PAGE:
Divers in California have captured a rare video of a killer whale "slurping" the liver out of a live shark.

The gruesome footage shows an orca tearing into the stomach of a 30-foot (9 meter) long whale shark before removing its liver.

Other nearby orcas are heard clicking excitedly as the killer whale swims away from the shark that sinks lifelessly to the bottom of the ocean.

The footage was captured by 58-year-old diver James Moskito in the Sea of Cortez in California in April when he and other divers encountered a pod of eight killer whales. In the video, the divers are heard whooping at the view of the orca.

"It's literally over in a matter of seconds," Moskito told Live Science.

"Looks like they slurped in the liver and then the whale shark just fell and descended down, with no movement – I'm assuming it was dead," he said.

Shortly after the encounter, another orca killed another whale shark nearby. By the time the team got to the shark, it was "just thrashing at the surface with a killer whale attached to it," he said.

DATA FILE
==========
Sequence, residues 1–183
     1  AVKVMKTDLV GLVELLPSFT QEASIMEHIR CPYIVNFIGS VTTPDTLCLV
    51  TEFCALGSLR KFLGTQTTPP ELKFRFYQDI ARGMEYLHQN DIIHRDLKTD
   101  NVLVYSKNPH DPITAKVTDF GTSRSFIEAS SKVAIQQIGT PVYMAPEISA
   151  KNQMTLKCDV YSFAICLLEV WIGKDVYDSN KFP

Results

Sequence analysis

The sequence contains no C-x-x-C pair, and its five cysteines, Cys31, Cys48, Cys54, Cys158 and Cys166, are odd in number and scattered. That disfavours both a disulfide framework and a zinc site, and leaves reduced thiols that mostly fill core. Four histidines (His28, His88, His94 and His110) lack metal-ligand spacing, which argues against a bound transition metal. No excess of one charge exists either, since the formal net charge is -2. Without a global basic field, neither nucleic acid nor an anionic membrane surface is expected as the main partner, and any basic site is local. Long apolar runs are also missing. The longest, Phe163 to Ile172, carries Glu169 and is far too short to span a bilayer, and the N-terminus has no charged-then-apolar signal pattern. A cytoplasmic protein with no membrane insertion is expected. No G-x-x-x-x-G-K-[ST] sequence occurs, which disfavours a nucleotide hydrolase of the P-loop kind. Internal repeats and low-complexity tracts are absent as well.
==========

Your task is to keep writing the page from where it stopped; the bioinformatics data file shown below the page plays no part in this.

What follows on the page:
Shark livers are orca delicacies

While this footage is rare, this isn't the first time this behavior has been observed. Previous research had found that the behavior is widespread near the Farallon Islands in northern California.

Two other orcas, who live in the waters of South Africa's Mossel Bay, have become so good at ripping the livers of sharks that they have scared great white sharks away from their hunting grounds.

People inspect the carcass of a great white shark. (Cari Roets/Marine Dynamics, Dyer Island Conservation Trust)

Orcas tend to go for the part of their prey that gives them the best "bang for their buck," Michael Weiss, research director at the Center for​ Whale Research, previously told Insider about the behavior.

"Shark livers are extremely fatty, so there's a lot of calories in there," he said.

It's even possible the orcas use their sonar to detect the most delectable parts of their prey, he said.

After the most attractive parts of their prey are gone, the whales move on to another shark, leaving the carcass to bottom-feeding scavengers.

This article was originally published by Business Insider.

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